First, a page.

Aug 01

Calling All Flabby Daddies!

Let’s lose some weight together. Misery loves company! :) (photo source: Wikimedia Commons)

Greetings, fellow fathers! :)

I don’t know about you, but I could stand to lose a few pounds. About 30, in fact. Losing weight is hard, though, especially when attempted alone.

So, let’s stop trying to do it alone!

We already have several great gathering places in social media, such as Dad Bloggers on Facebook. We already poke, prod, tease, taunt, and challenge each other. Let’s put those resources to good use and do what guys do best – turn something into a contest and embarrass the losers. ;)

Seriously, though, putting your wallet or your pride on the line can really help with motivation. Skeptical? Read these articles. Or these.

Interested? Great! I’ve chosen a 3-month time frame for this fat bet. If it works out well, we can easily do another. To join, follow this ...

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Jul 29

No More Time-Outs!

Image shamelessly horked from benzinga.com

Fellow dad blogger Chris Bernholdt (of DadNCharge) recently went viral with a post suggesting that parents put an end to play dates. Heck, he even got interviewed on national morning shows. I don’t think I’ve ever written anything good enough to get that kind of attention, but thinking about challenging modern middle class parenting conventions did remind me of a post I wrote three years ago (presented below, with minor edits). Chris wants to banish the playdate, and I’d like to stop talking about putting kids in time-outs.

Every parent in the Western world is familiar with time-outs. Used properly (e.g., as prescribed by 1-2-3 Magic), they can be an effective and useful tool for disciplining children (in the punitive sense).

Why do we call them time-outs, though? Does this sound like how we use them or how we ought to use them?

“In ...

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Jul 23

Post-Vacation Blues

Bushkill Falls

Bushkill Falls

A few days ago my family got home from a week-long vacation in the Poconos. My parents have a time-share villa there that belong to my grandparents for over 30 years. I went there many times as a kid, so it’s associated with a lot of good memories. Between those memories, new ones made with my kids and their grandparents, and a few days spent with my sister and her kids, you’d think that I’d come home feeling good. And I did – sort of. Ever since we packed up to go home, though, I’ve been in a funk.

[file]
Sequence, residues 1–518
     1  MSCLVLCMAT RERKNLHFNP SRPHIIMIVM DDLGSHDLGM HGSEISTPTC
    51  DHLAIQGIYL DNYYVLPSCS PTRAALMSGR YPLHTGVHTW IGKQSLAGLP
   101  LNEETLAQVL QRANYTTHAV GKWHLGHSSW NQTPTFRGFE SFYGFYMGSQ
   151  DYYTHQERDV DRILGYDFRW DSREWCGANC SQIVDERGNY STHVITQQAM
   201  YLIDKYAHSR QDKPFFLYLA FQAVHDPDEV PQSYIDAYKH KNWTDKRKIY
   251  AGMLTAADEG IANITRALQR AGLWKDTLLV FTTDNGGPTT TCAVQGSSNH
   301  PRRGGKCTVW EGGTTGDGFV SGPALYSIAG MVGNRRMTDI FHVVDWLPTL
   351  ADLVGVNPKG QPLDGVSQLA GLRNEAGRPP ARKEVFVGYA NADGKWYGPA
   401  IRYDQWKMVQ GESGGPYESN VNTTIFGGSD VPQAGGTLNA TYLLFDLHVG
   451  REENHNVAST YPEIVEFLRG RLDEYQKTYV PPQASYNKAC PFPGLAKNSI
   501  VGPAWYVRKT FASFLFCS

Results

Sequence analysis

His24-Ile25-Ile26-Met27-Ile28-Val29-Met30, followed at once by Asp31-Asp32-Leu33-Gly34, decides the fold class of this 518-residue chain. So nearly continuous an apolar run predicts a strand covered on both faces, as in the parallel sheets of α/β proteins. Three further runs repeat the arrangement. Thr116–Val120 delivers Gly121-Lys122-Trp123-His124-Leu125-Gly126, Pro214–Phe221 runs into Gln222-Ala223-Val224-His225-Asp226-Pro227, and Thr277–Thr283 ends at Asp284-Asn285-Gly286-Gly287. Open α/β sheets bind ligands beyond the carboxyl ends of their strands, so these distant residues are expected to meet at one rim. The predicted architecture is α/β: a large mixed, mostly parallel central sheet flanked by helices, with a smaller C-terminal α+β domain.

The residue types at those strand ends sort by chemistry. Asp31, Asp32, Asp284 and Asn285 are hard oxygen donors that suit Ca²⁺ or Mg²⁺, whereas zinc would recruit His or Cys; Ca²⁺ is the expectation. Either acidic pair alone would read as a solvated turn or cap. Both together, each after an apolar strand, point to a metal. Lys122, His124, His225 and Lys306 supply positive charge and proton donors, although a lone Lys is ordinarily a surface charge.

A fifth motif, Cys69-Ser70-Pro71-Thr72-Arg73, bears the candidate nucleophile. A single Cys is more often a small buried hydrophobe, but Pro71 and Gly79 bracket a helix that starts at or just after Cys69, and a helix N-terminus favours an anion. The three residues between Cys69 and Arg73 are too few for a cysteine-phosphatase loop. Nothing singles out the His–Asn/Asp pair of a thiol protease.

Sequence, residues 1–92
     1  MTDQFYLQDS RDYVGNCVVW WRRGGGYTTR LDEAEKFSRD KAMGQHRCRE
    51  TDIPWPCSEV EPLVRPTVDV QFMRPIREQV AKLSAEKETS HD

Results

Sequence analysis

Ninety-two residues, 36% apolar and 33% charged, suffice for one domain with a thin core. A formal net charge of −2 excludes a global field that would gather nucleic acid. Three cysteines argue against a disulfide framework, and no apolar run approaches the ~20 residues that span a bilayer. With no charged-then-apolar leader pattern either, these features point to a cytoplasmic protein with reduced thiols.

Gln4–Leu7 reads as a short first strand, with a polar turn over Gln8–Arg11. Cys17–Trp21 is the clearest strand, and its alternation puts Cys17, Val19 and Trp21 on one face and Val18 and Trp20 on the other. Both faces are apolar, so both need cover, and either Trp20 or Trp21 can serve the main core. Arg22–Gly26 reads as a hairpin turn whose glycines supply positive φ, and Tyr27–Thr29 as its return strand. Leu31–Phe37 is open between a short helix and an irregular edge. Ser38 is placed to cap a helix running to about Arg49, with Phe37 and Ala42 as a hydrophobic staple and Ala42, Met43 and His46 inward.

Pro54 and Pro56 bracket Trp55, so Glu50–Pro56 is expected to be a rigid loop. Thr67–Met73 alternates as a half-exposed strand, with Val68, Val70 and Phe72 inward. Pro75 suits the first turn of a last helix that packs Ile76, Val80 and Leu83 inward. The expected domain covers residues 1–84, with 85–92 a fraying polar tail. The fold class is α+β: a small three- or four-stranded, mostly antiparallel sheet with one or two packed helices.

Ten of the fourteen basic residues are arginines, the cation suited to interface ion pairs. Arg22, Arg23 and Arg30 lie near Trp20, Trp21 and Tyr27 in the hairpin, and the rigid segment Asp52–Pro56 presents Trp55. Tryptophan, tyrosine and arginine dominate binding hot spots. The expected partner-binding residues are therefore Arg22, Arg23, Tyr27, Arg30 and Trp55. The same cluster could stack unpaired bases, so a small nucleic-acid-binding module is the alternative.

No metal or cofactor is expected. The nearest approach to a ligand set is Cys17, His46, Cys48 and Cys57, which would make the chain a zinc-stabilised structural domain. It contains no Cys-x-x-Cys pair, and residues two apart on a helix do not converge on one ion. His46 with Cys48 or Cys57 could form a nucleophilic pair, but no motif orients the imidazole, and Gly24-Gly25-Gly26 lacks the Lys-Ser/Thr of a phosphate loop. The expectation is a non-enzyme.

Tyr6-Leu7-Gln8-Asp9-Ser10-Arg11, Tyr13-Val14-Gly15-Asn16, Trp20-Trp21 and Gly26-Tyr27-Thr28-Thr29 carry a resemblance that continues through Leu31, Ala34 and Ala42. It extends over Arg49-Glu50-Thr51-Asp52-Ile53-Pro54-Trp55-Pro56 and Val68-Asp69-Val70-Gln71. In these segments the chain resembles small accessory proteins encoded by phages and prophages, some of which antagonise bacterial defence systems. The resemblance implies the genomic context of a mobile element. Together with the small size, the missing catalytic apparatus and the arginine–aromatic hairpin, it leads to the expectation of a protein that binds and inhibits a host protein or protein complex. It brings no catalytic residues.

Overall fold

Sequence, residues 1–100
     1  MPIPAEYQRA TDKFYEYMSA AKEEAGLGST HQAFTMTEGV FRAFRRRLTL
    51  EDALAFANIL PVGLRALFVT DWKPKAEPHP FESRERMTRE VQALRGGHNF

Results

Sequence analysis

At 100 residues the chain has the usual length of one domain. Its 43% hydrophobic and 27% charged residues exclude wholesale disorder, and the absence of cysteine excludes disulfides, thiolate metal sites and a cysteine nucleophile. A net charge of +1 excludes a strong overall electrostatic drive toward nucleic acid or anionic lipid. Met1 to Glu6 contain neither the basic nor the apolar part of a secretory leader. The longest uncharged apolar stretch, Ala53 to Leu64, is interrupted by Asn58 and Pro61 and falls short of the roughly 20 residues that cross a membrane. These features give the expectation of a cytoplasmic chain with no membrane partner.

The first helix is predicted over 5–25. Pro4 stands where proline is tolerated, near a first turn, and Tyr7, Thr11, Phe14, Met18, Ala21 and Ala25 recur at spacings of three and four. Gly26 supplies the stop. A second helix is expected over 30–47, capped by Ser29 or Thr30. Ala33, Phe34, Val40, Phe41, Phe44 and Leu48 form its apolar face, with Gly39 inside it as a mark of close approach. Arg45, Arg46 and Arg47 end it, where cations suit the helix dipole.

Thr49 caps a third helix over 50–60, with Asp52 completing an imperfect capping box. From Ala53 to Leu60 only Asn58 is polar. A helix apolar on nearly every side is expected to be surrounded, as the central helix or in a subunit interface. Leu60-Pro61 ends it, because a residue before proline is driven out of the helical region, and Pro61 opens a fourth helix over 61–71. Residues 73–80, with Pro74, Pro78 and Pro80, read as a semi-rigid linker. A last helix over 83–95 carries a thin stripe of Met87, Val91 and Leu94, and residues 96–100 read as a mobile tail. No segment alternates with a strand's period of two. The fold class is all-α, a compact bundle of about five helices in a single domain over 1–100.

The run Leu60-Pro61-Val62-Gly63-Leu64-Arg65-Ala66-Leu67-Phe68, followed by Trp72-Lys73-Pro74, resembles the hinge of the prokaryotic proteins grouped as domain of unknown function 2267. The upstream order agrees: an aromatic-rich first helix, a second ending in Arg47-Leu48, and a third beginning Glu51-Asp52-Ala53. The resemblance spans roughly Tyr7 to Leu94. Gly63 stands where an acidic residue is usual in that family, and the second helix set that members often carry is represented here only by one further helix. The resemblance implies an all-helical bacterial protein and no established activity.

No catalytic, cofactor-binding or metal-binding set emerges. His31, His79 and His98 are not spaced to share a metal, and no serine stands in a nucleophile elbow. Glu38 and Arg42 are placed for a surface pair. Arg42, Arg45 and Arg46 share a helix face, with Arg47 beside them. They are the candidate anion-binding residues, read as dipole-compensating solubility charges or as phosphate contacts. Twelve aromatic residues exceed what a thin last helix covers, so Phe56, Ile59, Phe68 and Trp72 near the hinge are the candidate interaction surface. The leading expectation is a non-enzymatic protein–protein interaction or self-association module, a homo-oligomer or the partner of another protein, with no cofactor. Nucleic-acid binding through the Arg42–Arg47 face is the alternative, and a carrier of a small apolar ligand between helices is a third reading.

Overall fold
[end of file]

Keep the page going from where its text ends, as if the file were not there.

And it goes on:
It started as I did my paranoia check, walking from room-to-room, double- and triple-checking to make sure we aren’t leaving anything behind. As I checked my parents’ room, the usual meloncholy associated with good things ending hit. Then, before I’d left the room, I was suddenly overcome with sadness from ...

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Jul 22

Civil Whorl

If clockwise means righty and counter-clockwise means lefty or ambidextrous, what does a pair of whorls mean?

Anyone know the prevalence of double parietal hair whorls?

When my first child, Alex, was an infant, I read a study about a possible relationship between the rotational direction of one’s hair whorl and one’s handedness. When I checked Alex’s, I discovered he actually has two. I have no idea what that might portend for his handedness, but he seems to be pretty strongly a righty. My second child, Joel, has a counterclockwise whorl and seems to be a left-leaning ambi. Number three, Lily, has a clockwise whorl and is almost certainly a righty.

I was discussing all this with my parents and sister recently when I made an interesting observation. I asked my father to lend his head for a simple demonstration of whorl rotation, and I was startled to see that he has a double whorl pattern like Alex! Lucky for him, though, his rotate away from ...

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Jul 03

A Model for Apologies

Round 1, fight!

Does this conversation sound familiar to you?

“Say sorry to your brother.”

“But he’s the one who–”

“Say it!” you insist, an edge of warning in your voice.

He huffs, rolls his eyes to the side and says flatly, “Sorry.”

“Say it like you mean it,” you demand.

“Sorrrrry,” he repeats, dragging out the word slowly with bulging eyes and dripping insincerity.

You sigh in defeat and turn to #2, “Now tell him you forgive him.”

It sure seems familiar to me. The author of a blog post entitled “A Better Way to Say Sorry” used that exchange to demonstrate how forcing apologies from children is counterproductive. I’ve read more than a few articles to that effect lately.  However, unlike some other articles on the topic, this one doesn’t suggest some goofy hippy solution like a peace circle. Instead, a simple script is presented as replacement for ...

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